Remember that if a court order for payment of a debt is made against you, it can affect your credit rating for several years. More about out how lenders decide to give you credit.

Admit the claim and pay the claimant 

When you admit that you do owe the money, you’ll avoid having to go to court.

You can contact the claimant, arrange to pay the money owed to them or the solicitor. It’s important you keep the evidence of your payment. Do not send money to the court.

Once the money has been paid you should contact the sheriff court to check that the claimant has told the court that the matter is settled.

Admit the claim and ask for time to pay

When you admit the claim but can’t afford to pay the debt straight away you can ask the court for time to pay the money. Use Civil Online or form 5A to apply for time to pay.

To get debt advice or help with asking for time to pay, contact a Citizens Advice Bureau.

If the claimant accepts your offer to pay over a period of time you don’t have to go to court. You will find out from the court if it has been accepted within two weeks.

If your offer to pay over a period isn’t accepted, you’ll have to go to court for a time to pay hearing with the sheriff.

You’ll have to explain again, this time in person, why you want time to pay. If you need advice about having to go to the hearing you can get help from a Citizens Advice Bureau.

Dispute the claim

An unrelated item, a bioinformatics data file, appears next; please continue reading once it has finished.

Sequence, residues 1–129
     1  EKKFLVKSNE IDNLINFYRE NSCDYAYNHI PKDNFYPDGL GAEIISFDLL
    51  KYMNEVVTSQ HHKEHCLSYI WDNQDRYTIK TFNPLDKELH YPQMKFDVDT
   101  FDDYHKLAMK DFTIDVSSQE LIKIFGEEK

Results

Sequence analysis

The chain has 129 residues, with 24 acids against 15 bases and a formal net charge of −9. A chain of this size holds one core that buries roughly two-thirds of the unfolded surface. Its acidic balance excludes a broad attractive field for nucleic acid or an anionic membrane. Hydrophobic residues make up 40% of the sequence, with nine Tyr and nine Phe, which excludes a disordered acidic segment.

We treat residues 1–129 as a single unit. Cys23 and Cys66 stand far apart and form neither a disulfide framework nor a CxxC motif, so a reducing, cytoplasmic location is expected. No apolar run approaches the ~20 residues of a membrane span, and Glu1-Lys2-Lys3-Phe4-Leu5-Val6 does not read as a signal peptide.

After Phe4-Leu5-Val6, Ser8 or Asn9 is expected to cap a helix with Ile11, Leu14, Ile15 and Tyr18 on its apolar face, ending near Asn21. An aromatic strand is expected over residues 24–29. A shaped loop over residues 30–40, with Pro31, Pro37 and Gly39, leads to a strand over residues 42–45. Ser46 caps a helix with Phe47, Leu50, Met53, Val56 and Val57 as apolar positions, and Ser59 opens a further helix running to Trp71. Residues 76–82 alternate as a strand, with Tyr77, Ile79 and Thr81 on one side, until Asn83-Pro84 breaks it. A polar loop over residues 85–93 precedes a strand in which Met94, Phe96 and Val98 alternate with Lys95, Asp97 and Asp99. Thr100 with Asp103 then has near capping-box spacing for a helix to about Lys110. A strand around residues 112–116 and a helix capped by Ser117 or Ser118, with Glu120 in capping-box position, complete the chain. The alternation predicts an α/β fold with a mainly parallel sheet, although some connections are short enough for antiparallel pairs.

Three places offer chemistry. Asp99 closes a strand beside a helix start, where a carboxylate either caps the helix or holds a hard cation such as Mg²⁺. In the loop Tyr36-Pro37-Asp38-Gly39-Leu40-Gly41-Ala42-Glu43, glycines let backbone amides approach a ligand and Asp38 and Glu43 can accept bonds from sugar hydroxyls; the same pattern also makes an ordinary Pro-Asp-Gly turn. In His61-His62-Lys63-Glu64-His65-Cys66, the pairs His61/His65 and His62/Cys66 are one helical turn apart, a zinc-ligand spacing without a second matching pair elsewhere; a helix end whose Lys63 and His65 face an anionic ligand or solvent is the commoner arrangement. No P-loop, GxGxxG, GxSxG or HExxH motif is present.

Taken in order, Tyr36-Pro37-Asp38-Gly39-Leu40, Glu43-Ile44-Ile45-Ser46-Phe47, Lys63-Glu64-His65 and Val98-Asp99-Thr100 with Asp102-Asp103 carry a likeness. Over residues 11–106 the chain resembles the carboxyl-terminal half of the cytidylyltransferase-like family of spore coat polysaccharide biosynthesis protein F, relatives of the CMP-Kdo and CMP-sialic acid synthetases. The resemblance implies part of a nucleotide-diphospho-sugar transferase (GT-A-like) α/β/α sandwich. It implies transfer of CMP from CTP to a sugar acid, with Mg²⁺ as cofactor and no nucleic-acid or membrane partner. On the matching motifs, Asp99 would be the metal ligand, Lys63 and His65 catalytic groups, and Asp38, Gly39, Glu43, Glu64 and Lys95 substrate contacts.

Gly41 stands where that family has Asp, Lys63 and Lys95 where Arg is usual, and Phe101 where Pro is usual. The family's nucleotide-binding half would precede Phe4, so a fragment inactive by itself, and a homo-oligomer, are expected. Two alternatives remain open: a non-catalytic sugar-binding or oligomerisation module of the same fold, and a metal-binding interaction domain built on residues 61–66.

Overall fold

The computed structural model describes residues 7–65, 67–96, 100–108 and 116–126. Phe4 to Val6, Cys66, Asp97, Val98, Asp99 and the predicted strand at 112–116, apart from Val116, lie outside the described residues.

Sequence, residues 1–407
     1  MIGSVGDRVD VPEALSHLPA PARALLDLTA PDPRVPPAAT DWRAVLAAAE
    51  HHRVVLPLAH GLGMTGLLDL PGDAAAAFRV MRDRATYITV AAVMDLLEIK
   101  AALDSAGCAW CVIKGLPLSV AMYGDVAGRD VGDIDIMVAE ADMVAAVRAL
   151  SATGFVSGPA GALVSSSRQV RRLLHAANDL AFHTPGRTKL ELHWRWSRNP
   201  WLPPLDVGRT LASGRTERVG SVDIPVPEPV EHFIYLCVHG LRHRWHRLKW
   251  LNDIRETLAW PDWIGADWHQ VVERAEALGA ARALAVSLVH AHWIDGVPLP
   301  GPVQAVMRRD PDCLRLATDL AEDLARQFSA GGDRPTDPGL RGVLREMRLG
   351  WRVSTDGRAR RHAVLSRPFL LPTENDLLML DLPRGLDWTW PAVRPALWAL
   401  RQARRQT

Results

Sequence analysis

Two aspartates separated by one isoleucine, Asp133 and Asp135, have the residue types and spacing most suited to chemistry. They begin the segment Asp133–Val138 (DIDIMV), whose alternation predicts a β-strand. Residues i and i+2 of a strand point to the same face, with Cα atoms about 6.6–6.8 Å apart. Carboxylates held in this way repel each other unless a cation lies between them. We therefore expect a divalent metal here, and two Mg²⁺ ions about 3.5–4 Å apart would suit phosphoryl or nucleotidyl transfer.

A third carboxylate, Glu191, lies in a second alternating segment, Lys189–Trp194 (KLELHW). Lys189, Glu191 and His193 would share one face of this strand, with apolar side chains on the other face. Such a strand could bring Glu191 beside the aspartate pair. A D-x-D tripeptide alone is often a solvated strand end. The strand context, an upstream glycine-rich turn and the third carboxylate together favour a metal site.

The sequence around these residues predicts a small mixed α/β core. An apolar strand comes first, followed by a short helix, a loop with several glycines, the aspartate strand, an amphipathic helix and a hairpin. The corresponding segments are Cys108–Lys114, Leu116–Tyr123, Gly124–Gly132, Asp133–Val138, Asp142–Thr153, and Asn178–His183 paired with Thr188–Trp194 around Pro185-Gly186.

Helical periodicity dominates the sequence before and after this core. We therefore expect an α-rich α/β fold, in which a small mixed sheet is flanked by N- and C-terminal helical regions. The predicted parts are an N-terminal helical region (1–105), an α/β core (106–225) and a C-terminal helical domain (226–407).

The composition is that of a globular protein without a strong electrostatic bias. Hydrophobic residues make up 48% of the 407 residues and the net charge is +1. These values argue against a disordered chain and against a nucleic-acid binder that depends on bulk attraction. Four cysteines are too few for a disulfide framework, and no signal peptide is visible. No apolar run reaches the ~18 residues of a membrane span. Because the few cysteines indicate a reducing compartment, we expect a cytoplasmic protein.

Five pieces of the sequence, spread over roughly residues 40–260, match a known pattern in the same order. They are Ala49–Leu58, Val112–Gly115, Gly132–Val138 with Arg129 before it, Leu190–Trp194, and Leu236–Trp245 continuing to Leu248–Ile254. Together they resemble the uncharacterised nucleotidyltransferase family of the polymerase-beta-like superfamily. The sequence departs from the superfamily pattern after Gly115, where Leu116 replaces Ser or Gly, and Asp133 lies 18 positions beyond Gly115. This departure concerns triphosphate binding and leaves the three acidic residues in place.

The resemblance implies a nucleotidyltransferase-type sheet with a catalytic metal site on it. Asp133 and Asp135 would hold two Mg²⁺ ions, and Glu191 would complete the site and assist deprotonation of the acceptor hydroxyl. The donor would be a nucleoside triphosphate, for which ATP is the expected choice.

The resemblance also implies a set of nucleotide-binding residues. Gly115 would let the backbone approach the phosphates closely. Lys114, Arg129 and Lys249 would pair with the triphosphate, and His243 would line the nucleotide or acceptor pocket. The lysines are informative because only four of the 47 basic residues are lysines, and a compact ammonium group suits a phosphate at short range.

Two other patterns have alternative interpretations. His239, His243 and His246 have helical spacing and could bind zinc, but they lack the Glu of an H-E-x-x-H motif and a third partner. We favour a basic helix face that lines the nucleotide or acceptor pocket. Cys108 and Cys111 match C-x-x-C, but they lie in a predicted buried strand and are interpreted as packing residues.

If you don’t admit the claim and want to dispute it, you, or a representative, has to go to court if there’s a hearing.

Before that happens the sheriff will consider your case for disputing the claim. You should be aware that if you dispute the claim then later change your mind and settle the case you could end up paying huge expenses because the court may take the view that you should have settled it at the beginning of the case.

Sheriff's options when there is a dispute

The sheriff has the following options when there’s a dispute:

  • refer both parties in the case for alternative dispute resolution
  • arrange a case management discussion
  • arrange a hearing
  • consider whether or not to make a decision about the claim without a hearing
  • dismiss the claim or make a decision because the claim is unlikely to be successful.

If the sheriff decides that the case should continue on to a case management discussion or a hearing you should get advice about what help you may need and whether you want to be represented, for example, by a lay person. You can get help from a Citizens Advice BureauFind out more about powers of the sheriff in civil legal action below the value of £5,000.

How to appeal a decision

An appeal against the court decision can be made to the Sheriff Appeal Court within 14 days. A fee is payable to register the appeal. The help of a solicitor is usually essential and subsequent costs could be very high. Legal aid may be available for an appeal against a decision under the simple procedure. More about legal aid.

Enforcement of court order

If a court order is made against you the person or company who has the court order can take legal action to force you to pay. You may find it helpful to get the help of an experienced adviser for example at a Citizens Advice BureauFind out more about being forced to pay back a debt.

More about simple procedure

What is simple procedure
Powers of the sheriff in civil legal action below £5,000
Help with legal costs
Using a lay representative in civil legal action